Rafah attack means there are no more lines left to cross in Gaza

People in the ruined Palestinian enclave have already paid too high a price in this war; all parties have a duty to find an end to it

Palestinians gather at the site of an Israeli strike on a camp for displaced people in Rafah that officials say killed at least 45 people. Footage of the injuries has reached smartphones around the world. AFP
Powered by automated translation

Fadi Dukhan is one of hundreds of thousands of Palestinians living in the overcrowded city of Rafah. Shortly after Israeli air strikes on Sunday that Palestinian officials say killed at least 45 people, he gave a harrowing account of the carnage wrought by the attack: “We looked over the wall and found a girl and a young man cut into pieces.”

In a war characterised by a string of atrocities – the killing and kidnapping of civilians, the deaths of aid workers, mass graves outside hospitals as well as the wholesale destruction of homes, schools and businesses – this devastating Israeli strike on Tal Al Sultan, an area designated as a so-called “safe zone” by the Israelis for displaced Palestinians, shows there are no more lines left to cross.

In addition to the many civilian deaths, fires started by Israeli munitions have also inflicted horrific burns, footage of which has reached smartphones around the world. This comes after recent warnings by the International Court of Justice and others that any military operation on Rafah was certain to end in the death and injury of many non-combatants.

For its part, Israel’s military on Sunday said it was investigating the incident but insisted that it hit a Hamas compound “using precise munitions and on the basis of precise intelligence”. Given the litany of ignominious incidents carried out at the hands of Israeli forces since the beginning of this war, few will be convinced by such claims.

Neither will those who value Palestinian lives be reassured by Hamas’ continuing attacks on Israel, such as the rocket barrage aimed at Tel Aviv on Saturday. Far from deterring Israeli forces or raising Palestinian morale, such tactics endanger Israeli civilians and give internal political and military cover to the country’s leadership to continue its devastating collective punishment of Gaza’s people.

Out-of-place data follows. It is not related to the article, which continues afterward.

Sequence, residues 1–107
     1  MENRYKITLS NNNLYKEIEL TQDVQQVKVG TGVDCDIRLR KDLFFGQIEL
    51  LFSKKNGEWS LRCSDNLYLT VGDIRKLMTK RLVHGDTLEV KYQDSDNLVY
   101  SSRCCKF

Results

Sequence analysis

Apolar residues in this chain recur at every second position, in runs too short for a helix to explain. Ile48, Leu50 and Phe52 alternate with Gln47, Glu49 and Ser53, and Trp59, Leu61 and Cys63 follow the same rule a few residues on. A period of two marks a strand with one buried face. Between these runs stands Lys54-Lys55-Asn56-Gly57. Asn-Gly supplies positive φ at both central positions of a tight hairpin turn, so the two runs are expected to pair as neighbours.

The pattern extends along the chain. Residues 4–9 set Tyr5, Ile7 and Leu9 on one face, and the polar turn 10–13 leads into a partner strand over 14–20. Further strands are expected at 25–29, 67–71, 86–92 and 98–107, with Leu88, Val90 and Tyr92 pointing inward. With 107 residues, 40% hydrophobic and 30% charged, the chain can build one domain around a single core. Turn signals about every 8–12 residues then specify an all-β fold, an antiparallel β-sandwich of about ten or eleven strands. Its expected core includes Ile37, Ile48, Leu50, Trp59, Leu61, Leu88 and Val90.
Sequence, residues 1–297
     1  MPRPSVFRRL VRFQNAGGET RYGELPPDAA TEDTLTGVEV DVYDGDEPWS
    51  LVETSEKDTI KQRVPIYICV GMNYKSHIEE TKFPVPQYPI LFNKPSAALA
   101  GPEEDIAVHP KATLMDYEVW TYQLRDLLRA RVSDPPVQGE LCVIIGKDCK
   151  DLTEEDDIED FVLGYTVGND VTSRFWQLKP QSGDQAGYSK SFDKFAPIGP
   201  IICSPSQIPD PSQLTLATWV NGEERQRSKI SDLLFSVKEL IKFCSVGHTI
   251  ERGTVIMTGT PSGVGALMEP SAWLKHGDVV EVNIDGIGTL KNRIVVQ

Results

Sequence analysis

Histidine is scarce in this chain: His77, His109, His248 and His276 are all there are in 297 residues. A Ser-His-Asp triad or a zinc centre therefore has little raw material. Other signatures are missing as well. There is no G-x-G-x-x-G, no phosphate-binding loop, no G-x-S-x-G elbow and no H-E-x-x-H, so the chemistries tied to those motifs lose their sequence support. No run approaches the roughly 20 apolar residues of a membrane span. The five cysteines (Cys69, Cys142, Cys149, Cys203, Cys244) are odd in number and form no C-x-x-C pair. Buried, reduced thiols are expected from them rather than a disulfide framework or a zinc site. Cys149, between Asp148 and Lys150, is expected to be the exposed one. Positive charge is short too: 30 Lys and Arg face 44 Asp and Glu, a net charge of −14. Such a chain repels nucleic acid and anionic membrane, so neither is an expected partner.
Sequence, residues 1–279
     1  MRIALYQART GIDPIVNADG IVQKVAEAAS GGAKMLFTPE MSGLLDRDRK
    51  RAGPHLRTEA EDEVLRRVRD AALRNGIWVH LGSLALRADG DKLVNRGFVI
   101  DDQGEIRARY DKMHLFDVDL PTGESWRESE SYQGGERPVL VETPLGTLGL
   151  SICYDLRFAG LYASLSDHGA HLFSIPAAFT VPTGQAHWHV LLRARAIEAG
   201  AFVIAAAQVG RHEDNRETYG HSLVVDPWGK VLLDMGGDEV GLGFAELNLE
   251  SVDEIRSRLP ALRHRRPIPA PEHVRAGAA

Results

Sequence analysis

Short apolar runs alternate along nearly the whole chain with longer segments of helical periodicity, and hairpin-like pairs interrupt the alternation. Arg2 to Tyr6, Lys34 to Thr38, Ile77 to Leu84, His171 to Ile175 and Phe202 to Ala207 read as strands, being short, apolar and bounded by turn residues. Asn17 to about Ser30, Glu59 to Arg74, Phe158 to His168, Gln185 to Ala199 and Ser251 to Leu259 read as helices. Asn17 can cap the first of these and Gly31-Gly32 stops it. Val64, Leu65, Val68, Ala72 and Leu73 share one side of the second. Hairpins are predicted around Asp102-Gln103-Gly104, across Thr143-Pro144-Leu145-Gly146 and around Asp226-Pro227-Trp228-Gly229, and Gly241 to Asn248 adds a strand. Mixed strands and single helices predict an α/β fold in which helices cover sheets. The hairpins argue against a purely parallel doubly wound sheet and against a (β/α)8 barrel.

How can a way out of this morass be found? Gaza ceasefire talks are set to continue this week, with CIA director William Burns expected to travel to Israel, Egypt and Qatar before mediators meet for a new round of negotiations. It goes without saying that any kind of contact that could halt the carnage is welcome but, sadly, we have been here before. Thus far, progress in the negotiations has only been undermined by atrocities such as Sunday’s incineration of civilians in Tal Al Sultan. It should be clear by now that an immediate truce must come first before more substantive talks about hostages or prisoner releases.

A cessation must come first because this war has by now become the epitome of doing the same things over again and expecting different, or better results. There is no way for Israel to achieve unilaterally its stated goals of freeing its remaining hostages, destroying Hamas or re-establishing its national security. On the contrary, actions like carrying out air strikes on a Palestinian tent city in the aim of killing Hamas operatives will lead only to further, damaging international isolation. Israel is obliged to abide by the International Court of Justice, as demanded by the UN. Similarly, Hamas is caught in a cul-de-sac of militarism and its leaders in Gaza have nowhere to go; it must identify a path to end the fighting. Gaza’s people have already paid too high a price in this war; all parties have a duty to find an end to it.

Published: May 28, 2024, 3:00 AM
Updated: May 29, 2024, 2:44 PM